Because they are not aware of all the assets comprising their total attack surfaces, many orgs fall victim to data breaches that technically are not “breaches” of their security controls. Instead, someone in the organization, often in violation of policy, has left vulnerable data assets somewhere out in cyberspace with inadequate controls on them. This leaves cybercriminals free to discover and exploit them without even launching an attack.
To discuss the challenges of attack surface management (ASM) and innovations to improve these capabilities, David Monnier, Chief Evangelist and Fellow at Team Cymru, joined a recent episode of The Virtual CISO Podcast features. John Verry, Pivot Point Security CISO and Managing Partner, hosts the show as usual.
Should the CISO be blamed?
In David’s view, distinctions about whether specific scenarios constitute data breaches is not mere semantics. Not only could it impact the interpretation of reporting laws, but also the reputation and job performance evaluation of a CISO and/or other security leaders.
“A lot of companies that have supposedly been breached, oftentimes that’s not the case at all,” David states. “They left their data someplace where someone else had access to it without any type of controls on it. And that type of data exposure… Luckily lawyers have started to get in front of this and get people to stop saying that word.”
A classic example of a “data exposure but not a data breach” starts when a developer who exports a live database of customer data to an AWS S3 bucket that has been given inadequate access controls.
“I know some very bright folks who have gone through the wringer as if they were responsible for a breach that, I would argue, technically they were not,” relates David. “In actuality, it was somebody else in the company who just disregarded policy altogether… What do you do for that? How do you know to know?”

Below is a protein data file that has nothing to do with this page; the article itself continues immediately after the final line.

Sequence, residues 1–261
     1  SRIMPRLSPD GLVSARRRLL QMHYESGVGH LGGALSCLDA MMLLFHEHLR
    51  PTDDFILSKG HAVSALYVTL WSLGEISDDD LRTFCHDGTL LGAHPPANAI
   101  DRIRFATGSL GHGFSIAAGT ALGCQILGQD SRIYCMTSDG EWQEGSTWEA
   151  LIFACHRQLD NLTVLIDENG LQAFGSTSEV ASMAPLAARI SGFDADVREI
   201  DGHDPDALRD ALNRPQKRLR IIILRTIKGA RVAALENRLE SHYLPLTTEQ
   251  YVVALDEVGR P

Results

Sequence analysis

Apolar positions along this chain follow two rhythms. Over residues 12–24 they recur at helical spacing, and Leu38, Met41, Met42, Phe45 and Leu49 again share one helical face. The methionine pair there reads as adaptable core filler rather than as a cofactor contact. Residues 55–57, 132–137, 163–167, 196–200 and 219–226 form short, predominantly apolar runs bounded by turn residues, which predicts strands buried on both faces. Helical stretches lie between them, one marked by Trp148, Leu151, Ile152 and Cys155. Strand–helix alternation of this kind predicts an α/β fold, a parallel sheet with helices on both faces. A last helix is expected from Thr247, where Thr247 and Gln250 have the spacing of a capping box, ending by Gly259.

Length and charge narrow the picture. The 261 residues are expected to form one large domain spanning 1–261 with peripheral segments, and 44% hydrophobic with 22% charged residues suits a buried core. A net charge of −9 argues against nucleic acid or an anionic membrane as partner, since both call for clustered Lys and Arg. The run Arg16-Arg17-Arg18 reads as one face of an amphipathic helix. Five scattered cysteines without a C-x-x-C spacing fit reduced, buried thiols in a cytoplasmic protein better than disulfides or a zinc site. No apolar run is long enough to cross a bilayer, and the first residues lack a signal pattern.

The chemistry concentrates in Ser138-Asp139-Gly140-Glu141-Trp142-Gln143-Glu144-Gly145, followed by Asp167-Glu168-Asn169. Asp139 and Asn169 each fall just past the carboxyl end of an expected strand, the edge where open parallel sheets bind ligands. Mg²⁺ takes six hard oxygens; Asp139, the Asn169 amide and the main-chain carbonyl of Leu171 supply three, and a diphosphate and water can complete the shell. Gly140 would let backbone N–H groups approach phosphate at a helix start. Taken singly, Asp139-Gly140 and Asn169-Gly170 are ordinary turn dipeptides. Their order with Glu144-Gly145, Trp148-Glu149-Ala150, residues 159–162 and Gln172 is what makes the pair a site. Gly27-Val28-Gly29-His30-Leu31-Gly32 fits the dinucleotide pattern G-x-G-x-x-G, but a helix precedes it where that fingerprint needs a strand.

This is where Team Cymru’s superior asset discovery capabilities come in handy.
It’s not easy being a CISO
John agrees that “technically” these data exposures might not be breaches, although breach notification requirements would generally consider them to be.
“There’s no difference to the people whose information might have been compromised,” John points out. “But there is a difference to the risk profile and the current security posture of the organization.”
Meanwhile, it falls on the CISO to draw that fine line between appropriate policy that gets the job done, too little policy that gets the org pwned, or a draconian policy that keeps work from happening.
“It’s not easy being a CISO—I think we can agree on that,” quips John.
To hear the complete show with David Monnier, click here.
What is the state of the art for rating the risk level of vulnerabilities for attack surface management purposes? This blog post explores the topic: How Attack Surface Management Calculates Attack Paths